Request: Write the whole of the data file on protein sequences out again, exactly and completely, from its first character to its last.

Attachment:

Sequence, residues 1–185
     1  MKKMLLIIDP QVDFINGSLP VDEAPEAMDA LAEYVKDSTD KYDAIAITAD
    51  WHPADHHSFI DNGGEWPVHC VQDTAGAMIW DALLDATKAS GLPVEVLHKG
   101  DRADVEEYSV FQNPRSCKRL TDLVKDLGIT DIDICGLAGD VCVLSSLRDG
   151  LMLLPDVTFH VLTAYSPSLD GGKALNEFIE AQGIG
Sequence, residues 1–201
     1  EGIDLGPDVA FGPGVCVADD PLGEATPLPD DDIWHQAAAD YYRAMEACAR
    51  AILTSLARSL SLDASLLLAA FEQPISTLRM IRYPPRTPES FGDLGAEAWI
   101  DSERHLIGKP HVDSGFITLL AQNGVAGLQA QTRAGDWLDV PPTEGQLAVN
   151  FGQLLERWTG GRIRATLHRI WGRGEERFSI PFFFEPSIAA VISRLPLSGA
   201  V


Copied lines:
Sequence, residues 1–185
     1  MKKMLLIIDP QVDFINGSLP VDEAPEAMDA LAEYVKDSTD KYDAIAITAD
    51  WHPADHHSFI DNGGEWPVHC VQDTAGAMIW DALLDATKAS GLPVEVLHKG
   101  DRADVEEYSV FQNPRSCKRL TDLVKDLGIT DIDICGLAGD VCVLSSLRDG
   151  LMLLPDVTFH VLTAYSPSLD GGKALNEFIE AQGIG
Sequence, residues 1–201
     1  EGIDLGPDVA FGPGVCVADD PLGEATPLPD DDIWHQAAAD YYRAMEACAR
    51  AILTSLARSL SLDASLLLAA FEQPISTLRM IRYPPRTPES FGDLGAEAWI
   101  DSERHLIGKP HVDSGFITLL AQNGVAGLQA QTRAGDWLDV PPTEGQLAVN
   151  FGQLLERWTG GRIRATLHRI WGRGEERFSI PFFFEPSIAA VISRLPLSGA
   201  V